le tasting room

Loire wine tours, tastings, day trips from Paris & short breaks organised by experienced English wine trade professionals.

Wednesday, 29 December 2010

Our top Loire wines of 2010

It's always interesting to read the personal choices of other wine writers, growers and friends, so I thought I would add our top wines of 2010 to the mix. What makes a top wine for le tasting room? Well, it's obviously a wine that we love, that we drink ourselves, but it's also a wine that our clients have loved too.Over the course of the season we show many different wines to many different customers who have very varied palates. We always try to show a broad spectrum that represents the diversity of styles and grape varieties and make no apologies for having a bias towards those from the region of Anjou Saumur as this is where we are located.

Cheninsolite 2008, Anjou Blanc AOC, Domaine Cady, Saint Aubin de Luigné

This classy white made by Alexandre Cady shows just what can be done with Chenin blanc. Grapes are picked at optimum maturity and then fermented in oak (50% of which is replaced each year). The wine is then left on its yeast lees for 11 months with regular stirring. The result is a beautifully crafted, elegant, rich wine with a hint of creaminess. Round and soft on the palate, yet with a crisp acidity, wonderful sweet primary fruit aromas on the nose and no excess wood dominating the scene. It's fantastic now and will develop over time too. A regular winner at our tastings - it seems to cross the divide keeping both New World and Old World palates happy.

Le Haut de la Garde 2008, Anjou Blanc AOC, Chateau Pierre Bise, Beaulieu-sur -Layon

Another Chenin blanc from another producer in the Layon. What is especially interesting is that both these exceptional dry whites come from producers better known for their sweet wines. Claude Papin at Pierre Bise is a master of 'terroir'. Le Haut de la Garde has a purity of flavour and exotic minerality that comes directly from the schist, sandstone and rhyolite soil that nurtures the vines for this wine. A beautiful nose of pears and quince with a touch of white flowers leads on to a warm and complex palate with a hint of grapefruit and a long finish. It's exceptional value at 7.75 Euros cellar door.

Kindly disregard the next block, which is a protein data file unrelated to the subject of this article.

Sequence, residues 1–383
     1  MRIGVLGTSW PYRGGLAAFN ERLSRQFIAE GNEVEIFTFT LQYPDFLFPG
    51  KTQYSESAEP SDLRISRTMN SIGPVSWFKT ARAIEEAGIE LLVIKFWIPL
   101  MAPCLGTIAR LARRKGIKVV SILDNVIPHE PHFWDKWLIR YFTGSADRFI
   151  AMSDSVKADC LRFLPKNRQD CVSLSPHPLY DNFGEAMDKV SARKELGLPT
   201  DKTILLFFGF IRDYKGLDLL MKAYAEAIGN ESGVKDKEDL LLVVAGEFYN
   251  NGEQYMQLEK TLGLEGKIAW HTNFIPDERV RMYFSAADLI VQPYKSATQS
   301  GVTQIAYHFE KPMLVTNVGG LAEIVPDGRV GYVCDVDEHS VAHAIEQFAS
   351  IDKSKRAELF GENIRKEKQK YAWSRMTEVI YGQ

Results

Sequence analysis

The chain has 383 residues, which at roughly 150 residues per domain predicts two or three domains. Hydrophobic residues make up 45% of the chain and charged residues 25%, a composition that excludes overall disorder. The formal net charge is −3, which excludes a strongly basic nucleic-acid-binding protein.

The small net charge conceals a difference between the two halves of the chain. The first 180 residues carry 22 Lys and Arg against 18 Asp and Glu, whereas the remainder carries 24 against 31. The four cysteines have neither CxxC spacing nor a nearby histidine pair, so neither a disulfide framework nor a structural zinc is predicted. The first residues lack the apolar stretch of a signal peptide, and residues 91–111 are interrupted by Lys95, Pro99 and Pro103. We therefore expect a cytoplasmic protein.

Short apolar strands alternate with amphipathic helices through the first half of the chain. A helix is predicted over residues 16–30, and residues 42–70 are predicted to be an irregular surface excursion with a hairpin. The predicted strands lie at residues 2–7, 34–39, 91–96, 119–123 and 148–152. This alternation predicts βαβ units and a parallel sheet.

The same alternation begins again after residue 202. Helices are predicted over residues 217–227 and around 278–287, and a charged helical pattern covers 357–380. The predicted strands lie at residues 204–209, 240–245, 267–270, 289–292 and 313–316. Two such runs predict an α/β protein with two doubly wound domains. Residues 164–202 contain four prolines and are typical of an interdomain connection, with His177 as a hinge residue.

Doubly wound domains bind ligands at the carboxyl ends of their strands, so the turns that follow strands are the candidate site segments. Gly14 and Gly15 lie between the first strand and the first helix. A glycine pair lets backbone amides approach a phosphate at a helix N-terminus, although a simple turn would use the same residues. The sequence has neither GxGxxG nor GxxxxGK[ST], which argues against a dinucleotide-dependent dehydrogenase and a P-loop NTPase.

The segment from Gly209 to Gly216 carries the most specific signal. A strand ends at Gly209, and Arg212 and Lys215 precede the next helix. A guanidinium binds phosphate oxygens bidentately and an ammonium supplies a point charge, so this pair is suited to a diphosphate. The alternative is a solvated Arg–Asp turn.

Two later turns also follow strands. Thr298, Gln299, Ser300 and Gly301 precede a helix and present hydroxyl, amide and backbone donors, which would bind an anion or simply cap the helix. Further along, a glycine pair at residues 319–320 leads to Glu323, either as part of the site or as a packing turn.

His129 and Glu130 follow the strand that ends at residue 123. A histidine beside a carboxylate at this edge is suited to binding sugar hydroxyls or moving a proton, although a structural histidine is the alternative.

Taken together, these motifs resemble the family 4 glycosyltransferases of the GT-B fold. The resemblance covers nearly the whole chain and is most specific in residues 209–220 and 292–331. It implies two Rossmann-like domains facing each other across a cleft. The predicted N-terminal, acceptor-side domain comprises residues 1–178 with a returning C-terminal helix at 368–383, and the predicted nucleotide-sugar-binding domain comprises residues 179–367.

Goutte de Rosé, Chinon AOC, Domaine de la Noblaie, Ligré

Yes, it's a rosé - and I'm afraid I have veered away from the many rosés of Anjou. There are three specific appellations for rosé - Rosé de Loire (always dry and often made from the workhorse grape variety Grolleau), Rosé d'Anjou (min 7 g/l residual sugar and often quite a lot sweeter than that, made from Grolleau, Cab Franc, Cab Sauvignon amongst others) and Cabernet d'Anjou (min 10 g/l residual sugar and often sweeter, arguably the best of the three and always made from Cab Franc, Cabernet Sauvignon). This one however, comes from Chinon (predominantly a red wine AOC but permitted to produce a little white and rosé too).

Jérome Billard uses his young Cabernet Franc vines to produce a rosé that is lovely and fresh with wonderful summer fruit aromas and a light, crisp palate that is a delight in summer. By far and away the best rosé we tasted in 2009, we managed to change the minds of many customers who came to us with a prejudice against sweet, poorly made wines. Another plus - the wine is bottled under screwcap. Why don't more Loire producers use screwcap for wines that are destined for early drinking?

Cuvée Passion 2003, Anjou Rouge AOC, Chateau de Pimpéan, Grezillé

Looking over the vines at Chateau de Pimpéan in February 2009

Those of you who know us are aware that we have a special relationship with Chateau de Pimpéan and are therefore a little predisposed to singing its praises. However, we first encountered Cuvée Passion independently while eating out at our local auberge a couple of years ago and continue to be impressed with the quality of this wine. Anjou Rouge has a hard time as an appellation - it lacks the sex-appeal of Saumur Champigny for example, doesn't have 'villages' tacked on and Grezillé was not included in the more recent appellation of Anjou-Villages Brissac which seems to be making a bit of a name for its Cabernet Sauvignons. As Sarah Ahmed says in her recent top 5 Loire wines, Cabernet Franc has a hard time reaching ripeness on schistous, slate soils. That's where this wine is different - Chateau de Pimpéan is located at the point at which the schistous slate soil changes to tuffeau limestone. Maryse Tugendhat is making wines that are not at all in the style of traditional Anjou Rouge (often with harsher tannins, green notes). We love the 2003 - a wine typical of its vintage in that it has an explosion of soft, ripe fruit on the nose. It also has lovely aromas of leather, wood, vanilla and spice that back it up. A wonderful introduction to Cabernet Franc and a million miles away from a harsh, tannic red.

Rocca Nigra 2005, Anjou-Villages-Brissac AOC, Domaine de Bablut, Brissac

Tasting with Christophe Daviau at Domaine de Bablut